Apollo Masters fire
February 13, 2020 5:57 PM   Subscribe

One of the only two vinyl lacquer production companies in the world, the Apollo Masters facility in Banning CA, burned down on February 6th.

Apollo Masters by some estimates provided around 80% of the world's master lacquers used in vinyl production.

From the first link:
Lacquer discs play a crucial role in the production of vinyl records, and are cut by mastering engineers to create master discs, which are then supplied to pressing plants to make the stampers from which records are pressed.

An alternative process known as DMM (Direct Metal Mastering) would sidestep the need for a lacquer, although this process has been described as favouring higher frequencies, and requires a specialised cutting head that is not widely available.
Those looking to produce records in 2020 will need to look to Japanese company MDC or alternative companies that use the DMM method. But this is likely to affect everyone involved in pressing vinyl. However, some are optimistic that this may not be the "vinylgeddon" it appears to be.

Another good roundup of links on the Apollo/Transco fire can be found here.
posted by ghostbikes (6 comments total) 13 users marked this as a favorite
posted by interrupt at 7:13 PM on February 13 [1 favorite]

This is sort of horrifying to me. I continue to purchase vinyl, often rather expensively while supporting artists who rely on kickstarter or other such means to raise the money for their projects. I'm not too worried about whether the rest of NIN's catalog will eventually be released on vinyl, because I know there are the finances available there to do it. But these artists who are scraping by with pledge dollars, who are offering vinyl as a big ticket item to lure supporters to help cover their production costs... I fear this is going to end as a possibility for them and for me.

It's not as horrifying as the giant warehouse fire that destroyed something like 80% of all known recorded master tapes recently, but it's pretty awful nonetheless.

posted by hippybear at 8:21 PM on February 13 [2 favorites]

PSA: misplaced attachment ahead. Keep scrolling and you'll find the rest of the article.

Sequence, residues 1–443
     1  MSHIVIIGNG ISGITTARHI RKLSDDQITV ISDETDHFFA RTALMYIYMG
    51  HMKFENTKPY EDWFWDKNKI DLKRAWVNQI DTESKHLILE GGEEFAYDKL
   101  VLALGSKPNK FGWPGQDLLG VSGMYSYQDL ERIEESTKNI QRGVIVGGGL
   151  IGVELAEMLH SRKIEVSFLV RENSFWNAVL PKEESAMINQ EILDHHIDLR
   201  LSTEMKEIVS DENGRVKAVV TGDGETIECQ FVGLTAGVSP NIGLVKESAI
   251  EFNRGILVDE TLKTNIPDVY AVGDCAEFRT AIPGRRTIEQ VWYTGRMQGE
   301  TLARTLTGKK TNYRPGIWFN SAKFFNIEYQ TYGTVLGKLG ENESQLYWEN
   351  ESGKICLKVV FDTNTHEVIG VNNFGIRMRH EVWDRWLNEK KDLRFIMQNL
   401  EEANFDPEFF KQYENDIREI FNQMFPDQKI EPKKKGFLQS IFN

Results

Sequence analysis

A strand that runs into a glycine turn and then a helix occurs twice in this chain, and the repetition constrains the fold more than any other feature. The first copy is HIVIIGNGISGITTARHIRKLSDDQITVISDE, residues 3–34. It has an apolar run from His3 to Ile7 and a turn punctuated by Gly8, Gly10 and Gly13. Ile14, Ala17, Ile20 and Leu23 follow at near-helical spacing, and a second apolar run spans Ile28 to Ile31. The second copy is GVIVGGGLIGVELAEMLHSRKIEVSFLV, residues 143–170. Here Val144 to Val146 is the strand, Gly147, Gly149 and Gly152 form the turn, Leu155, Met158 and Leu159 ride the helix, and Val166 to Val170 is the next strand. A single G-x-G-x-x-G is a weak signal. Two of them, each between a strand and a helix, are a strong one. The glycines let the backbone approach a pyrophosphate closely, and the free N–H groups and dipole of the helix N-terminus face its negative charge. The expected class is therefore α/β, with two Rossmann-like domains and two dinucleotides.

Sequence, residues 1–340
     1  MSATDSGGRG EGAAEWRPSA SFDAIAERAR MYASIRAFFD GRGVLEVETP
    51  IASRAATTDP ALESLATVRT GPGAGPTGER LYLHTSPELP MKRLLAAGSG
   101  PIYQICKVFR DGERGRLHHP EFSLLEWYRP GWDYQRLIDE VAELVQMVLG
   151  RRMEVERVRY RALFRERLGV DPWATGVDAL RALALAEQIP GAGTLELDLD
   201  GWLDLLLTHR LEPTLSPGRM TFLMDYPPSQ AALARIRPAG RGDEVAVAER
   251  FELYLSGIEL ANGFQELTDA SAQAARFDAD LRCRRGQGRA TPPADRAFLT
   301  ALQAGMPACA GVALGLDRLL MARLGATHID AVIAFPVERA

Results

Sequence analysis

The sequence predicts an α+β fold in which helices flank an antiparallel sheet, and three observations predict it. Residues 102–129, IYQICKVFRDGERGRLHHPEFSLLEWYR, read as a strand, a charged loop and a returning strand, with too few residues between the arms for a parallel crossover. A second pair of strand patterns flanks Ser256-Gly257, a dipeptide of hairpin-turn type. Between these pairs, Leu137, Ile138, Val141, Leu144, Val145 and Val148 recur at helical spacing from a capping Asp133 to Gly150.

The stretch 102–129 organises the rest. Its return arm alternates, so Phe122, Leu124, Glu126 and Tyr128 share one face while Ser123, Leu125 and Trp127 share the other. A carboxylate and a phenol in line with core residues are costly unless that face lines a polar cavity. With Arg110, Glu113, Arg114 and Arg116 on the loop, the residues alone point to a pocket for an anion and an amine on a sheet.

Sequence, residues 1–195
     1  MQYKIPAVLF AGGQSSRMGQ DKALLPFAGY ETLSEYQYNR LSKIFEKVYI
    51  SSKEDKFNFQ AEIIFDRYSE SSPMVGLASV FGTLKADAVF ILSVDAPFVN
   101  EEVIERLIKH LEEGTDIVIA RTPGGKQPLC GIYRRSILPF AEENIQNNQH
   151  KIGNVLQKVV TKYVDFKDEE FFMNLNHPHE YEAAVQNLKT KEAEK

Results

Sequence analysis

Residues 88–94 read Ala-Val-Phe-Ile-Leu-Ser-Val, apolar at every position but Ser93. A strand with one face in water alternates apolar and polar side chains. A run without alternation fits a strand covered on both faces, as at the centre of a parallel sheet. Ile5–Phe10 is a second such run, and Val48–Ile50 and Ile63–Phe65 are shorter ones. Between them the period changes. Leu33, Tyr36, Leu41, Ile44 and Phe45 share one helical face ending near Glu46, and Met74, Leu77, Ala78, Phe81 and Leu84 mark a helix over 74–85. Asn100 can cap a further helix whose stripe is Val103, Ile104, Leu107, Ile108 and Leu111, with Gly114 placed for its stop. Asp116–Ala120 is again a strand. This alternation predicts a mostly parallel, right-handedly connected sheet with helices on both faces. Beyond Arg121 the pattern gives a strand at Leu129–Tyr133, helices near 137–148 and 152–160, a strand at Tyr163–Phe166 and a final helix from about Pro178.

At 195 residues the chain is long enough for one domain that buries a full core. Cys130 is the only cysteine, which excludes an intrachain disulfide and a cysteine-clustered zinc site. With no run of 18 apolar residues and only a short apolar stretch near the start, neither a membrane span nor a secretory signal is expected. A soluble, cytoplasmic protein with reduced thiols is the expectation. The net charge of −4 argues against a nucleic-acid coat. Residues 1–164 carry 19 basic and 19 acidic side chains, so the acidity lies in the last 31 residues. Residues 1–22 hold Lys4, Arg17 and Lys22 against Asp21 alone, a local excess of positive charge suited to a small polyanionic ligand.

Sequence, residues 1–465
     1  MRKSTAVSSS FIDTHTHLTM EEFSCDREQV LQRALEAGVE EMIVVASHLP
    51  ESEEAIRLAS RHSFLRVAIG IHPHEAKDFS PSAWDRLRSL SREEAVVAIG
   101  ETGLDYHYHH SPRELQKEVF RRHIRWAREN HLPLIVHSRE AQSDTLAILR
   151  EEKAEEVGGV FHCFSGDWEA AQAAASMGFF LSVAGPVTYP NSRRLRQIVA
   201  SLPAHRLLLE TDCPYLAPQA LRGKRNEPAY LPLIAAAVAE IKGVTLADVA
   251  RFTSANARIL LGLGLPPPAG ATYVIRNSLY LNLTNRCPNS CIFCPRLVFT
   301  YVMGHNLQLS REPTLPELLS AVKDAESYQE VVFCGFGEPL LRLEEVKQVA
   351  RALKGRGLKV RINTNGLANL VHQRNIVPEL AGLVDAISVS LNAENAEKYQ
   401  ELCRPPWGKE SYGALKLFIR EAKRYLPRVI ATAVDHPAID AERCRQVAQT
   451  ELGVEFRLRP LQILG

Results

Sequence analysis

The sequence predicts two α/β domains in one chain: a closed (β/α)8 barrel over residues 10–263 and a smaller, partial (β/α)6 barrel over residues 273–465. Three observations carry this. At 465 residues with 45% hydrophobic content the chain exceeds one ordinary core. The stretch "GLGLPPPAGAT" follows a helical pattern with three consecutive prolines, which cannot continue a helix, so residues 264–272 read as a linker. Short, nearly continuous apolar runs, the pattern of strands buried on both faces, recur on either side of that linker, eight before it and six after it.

[Deleted a derail about whether liking vinyl is okay; if you don't care about vinyl, you can skip the thread.]
posted by Eyebrows McGee (staff) at 7:25 AM on February 14 [2 favorites]

Another issue concerning distribution of physical product is also threatening indie record stores and mail order businesses:

Hypebot: Can Music Stores, Indie Labels Survive The Big Distribution Debacle?

Rolling Stone: ‘The Whole System Collapsed’: Inside the Music Industry’s Ongoing Distribution Crisis

People understandably think of the Internet as the primary threat to vinyl and CD sales, and the musicians those income streams support, but it turns out there are still underlying structural aspects of the music business that make them vulnerable. The precarious and tightly-coupled vinyl manufacturing process is just one of them. It's definitely not good to see multiple issues flaring up at the same time.
posted by lefty lucky cat at 7:49 AM on February 14 [1 favorite]

Brian MacDonald wrote about this as well, referring to it as the "Vinyl Pause" of 2020. I'm hopeful that the industry is able to rebuild, but I really hate it for any musician who was planning on putting out vinyl next year
posted by Maaik at 9:37 AM on February 14

I've been running a vinyl label over the past 10 years. Around 2013/2014 there was a ridiculous bottleneck in vinyl production, as all the majors started jumping into the game with unessential reissues and Record Store Day got into full swing. A lot of us got bumped to the back of the cue. It got to a point where just reissuing a record took about 9 months.

Over the next couple years, there were loads of new vinyl plants opening. As of lately, turn times got back to a workable schedule. GZ in the Czech Republic dialed in their DMM approach, and could have a record ready in two months.

The biggest concern IMO with this fire is the creation of another bottleneck. Even with DMM as an option, those plants are likely to get backed up. And like before, the smaller labels (and I mean small, major "indies" are indie in name only, they are essentially no different from the majors) will get pushed to the back. Combine this slowdown with the fact that most small labels have to put up 50% of pressing costs up front, it can be enough to put someone out of business.

That being said, even as vinyl is our main revenue, the entire industry could use a critical look -- as to what goes into making a record, the environmental effects of production, versus the low impact distribution of digital music.
posted by iamck at 1:19 PM on February 15 [4 favorites]

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